Council adopts the new Directive with stricter rules on industrial emissions

The European Council voted on 8 November the adoption of the new Directive which will cut industrial emissions from large combustion plants across the EU. This legal provision represents one more step in the efforts made by the Commission to control industrial pollution, contributing to enhance citizens' protection against industrial pollution at the time of reducing air and other environmental pollution.

Despite the significant emission reductions achieved over the past two decades, fossil fuel firing combustion plants used in the energy sector are still a major source of air pollutant emissions. The Directive on industrial emissions which was put forward by the Commission in December 2009, sets stricter emission limits for the largest plants across the EU to ensure that they apply Best Available Techniques (BAT).

The resulting benefits of emission reductions run to 7-28 billion Euro per year including the reduction of premature deaths by 13,000 per annum. This represents the savings in terms of reduced health impacts of pollutants from large combustion plants on EU citizens once the costs of implementation such as the fitting of abatement equipment have been taken into account for operators. These economic benefits also include the benefits from the reduction of unnecessary administrative burden, estimated at 32 million Euro per year at EU level, which are harmful to European industry and its competitiveness in the global market.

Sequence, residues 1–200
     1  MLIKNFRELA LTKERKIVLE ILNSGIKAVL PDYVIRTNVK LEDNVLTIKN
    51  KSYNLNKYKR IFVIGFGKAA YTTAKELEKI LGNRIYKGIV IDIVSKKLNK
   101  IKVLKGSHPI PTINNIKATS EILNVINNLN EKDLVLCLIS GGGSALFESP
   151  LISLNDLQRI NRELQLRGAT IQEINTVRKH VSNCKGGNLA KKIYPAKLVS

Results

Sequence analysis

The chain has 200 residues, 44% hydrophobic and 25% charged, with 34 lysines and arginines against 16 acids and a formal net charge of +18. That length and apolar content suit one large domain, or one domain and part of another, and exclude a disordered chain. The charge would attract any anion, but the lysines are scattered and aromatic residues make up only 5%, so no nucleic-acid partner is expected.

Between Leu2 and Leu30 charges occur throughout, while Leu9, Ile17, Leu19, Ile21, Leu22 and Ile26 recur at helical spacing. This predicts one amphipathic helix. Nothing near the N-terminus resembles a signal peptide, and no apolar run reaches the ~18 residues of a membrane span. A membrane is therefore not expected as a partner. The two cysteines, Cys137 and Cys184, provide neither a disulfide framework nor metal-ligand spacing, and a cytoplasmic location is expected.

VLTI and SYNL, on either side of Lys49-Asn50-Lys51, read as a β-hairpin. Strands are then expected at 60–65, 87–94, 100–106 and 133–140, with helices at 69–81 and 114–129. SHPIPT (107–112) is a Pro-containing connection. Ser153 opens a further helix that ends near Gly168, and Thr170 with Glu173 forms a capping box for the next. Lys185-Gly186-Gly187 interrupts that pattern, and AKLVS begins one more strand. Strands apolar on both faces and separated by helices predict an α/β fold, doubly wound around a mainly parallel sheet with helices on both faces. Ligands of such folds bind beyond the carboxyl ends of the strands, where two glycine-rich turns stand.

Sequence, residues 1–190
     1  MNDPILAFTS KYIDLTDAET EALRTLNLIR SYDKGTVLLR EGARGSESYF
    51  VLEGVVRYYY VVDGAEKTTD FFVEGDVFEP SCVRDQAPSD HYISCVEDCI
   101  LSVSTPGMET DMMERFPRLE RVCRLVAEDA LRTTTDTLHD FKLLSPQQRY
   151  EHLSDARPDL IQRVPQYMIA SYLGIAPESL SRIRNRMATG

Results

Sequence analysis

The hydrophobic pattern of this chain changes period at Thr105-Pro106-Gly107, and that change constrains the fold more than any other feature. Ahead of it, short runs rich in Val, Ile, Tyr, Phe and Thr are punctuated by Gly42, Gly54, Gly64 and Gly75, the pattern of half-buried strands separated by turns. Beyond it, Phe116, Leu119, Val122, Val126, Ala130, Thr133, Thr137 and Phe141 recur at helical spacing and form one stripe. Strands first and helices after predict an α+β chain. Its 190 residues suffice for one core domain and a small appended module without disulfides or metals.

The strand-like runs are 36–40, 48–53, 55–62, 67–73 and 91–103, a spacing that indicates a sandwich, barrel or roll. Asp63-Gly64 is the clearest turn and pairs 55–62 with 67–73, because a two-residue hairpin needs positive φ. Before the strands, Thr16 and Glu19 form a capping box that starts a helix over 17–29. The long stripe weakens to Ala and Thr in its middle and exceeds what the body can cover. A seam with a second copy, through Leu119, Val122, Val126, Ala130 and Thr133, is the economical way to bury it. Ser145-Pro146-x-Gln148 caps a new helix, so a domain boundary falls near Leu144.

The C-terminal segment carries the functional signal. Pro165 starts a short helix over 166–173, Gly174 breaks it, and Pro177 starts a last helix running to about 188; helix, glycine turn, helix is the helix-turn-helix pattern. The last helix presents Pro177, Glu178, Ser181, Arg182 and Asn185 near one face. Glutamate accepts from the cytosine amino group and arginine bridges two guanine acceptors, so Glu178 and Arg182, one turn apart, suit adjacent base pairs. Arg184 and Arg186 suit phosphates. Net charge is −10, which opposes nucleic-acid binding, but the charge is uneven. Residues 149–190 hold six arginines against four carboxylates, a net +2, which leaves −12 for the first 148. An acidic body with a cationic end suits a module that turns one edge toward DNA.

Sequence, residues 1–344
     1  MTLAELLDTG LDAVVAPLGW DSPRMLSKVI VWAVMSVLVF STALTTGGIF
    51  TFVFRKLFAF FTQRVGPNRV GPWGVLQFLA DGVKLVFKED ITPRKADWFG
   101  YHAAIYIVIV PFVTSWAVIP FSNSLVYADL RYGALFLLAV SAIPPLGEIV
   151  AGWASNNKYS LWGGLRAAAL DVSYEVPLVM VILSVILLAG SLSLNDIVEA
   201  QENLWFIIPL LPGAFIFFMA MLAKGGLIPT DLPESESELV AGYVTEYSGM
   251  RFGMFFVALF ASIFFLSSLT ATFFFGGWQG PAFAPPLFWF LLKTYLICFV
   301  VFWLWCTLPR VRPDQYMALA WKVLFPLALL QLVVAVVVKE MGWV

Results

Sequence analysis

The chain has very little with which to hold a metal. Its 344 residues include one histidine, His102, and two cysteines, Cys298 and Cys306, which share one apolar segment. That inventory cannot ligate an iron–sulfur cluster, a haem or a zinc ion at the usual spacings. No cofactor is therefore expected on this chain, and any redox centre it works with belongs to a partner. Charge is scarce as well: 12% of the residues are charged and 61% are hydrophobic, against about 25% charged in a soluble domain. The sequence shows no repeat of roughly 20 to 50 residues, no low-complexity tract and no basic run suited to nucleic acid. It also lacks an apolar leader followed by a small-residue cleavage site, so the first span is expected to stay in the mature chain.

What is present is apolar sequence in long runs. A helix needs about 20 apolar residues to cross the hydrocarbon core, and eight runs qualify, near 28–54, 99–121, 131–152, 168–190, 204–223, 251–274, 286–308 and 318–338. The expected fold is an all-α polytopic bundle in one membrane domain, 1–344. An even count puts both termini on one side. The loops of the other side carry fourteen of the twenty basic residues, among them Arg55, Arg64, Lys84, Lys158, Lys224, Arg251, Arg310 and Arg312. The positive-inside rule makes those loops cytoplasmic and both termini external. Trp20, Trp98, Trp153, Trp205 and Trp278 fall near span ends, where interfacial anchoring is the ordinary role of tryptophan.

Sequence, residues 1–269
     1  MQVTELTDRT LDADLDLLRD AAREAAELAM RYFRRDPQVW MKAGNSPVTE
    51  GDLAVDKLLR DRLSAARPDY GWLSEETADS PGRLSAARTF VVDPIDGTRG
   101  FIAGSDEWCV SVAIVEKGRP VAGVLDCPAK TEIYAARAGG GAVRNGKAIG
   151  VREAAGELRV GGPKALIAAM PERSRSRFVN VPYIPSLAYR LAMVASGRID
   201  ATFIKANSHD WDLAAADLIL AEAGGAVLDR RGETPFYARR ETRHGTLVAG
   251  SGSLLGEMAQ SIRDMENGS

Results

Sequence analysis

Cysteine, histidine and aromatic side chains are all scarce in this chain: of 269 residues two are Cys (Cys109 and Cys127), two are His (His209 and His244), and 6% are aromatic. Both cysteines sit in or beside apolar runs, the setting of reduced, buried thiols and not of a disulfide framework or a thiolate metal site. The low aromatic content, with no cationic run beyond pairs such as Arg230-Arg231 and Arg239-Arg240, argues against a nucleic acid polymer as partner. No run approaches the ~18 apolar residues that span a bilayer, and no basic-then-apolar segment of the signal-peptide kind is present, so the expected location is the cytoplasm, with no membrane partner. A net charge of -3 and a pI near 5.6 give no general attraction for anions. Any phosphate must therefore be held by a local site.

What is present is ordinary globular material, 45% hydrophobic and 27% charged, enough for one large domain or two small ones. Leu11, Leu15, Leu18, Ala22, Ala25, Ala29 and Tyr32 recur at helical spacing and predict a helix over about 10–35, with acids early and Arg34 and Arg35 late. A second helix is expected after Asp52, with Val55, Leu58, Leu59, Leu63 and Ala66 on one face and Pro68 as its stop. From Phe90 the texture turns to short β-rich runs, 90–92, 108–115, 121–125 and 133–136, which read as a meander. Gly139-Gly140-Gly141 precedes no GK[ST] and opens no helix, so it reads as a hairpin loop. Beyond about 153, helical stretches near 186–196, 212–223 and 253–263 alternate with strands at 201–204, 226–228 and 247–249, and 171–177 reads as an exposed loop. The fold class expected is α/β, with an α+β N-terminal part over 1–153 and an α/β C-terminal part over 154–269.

Furthermore, the strengthened role of BAT is intended to give clear signals to industry to ensure strives to deliver the high environmental performance described in BAT Conclusions at the lowest costs. The Directive also requests Member States to actively promote emerging techniques, thereby fuelling a virtuous cycle of continuous improvement of EU industry's environmental performance. All these elements are also part of Commission's actions regarding the prevention and control of industrial emissions.

The new Directive, which updates and merges seven pieces of existing legislation, includes a number of improved mechanisms for Member States to check and enforce compliance with the new legislation. Provisions related to emission monitoring and reporting and to environmental inspections have been strongly enhanced as well as improvements regarding public access to information which was already available for public access through the European pollutant release and transfer register (E-PRTR) put in place by the Commission and the European Environmental Agency in November 2009.

Application of Best Available Techniques (BAT)

At the core of the new Directive is the strengthening of the application of Best Available Techniques (BAT), making BAT Conclusions the reference point in the permitting process. The proposal revises the minimum emission limits that apply to large combustion plants across the EU to bring them in line with BAT.

These requirements should ensure that operators of industrial installations apply BAT in a more uniform manner and that consequently a more level playing field for industry is achieved.

Once the Directive will enter into force, Member States will have two years to transpose it into their legislation. The Commission will also continue to work with Member States to try and tackle unnecessary administrative burden at the national level in their implementation of the Directive over the coming years.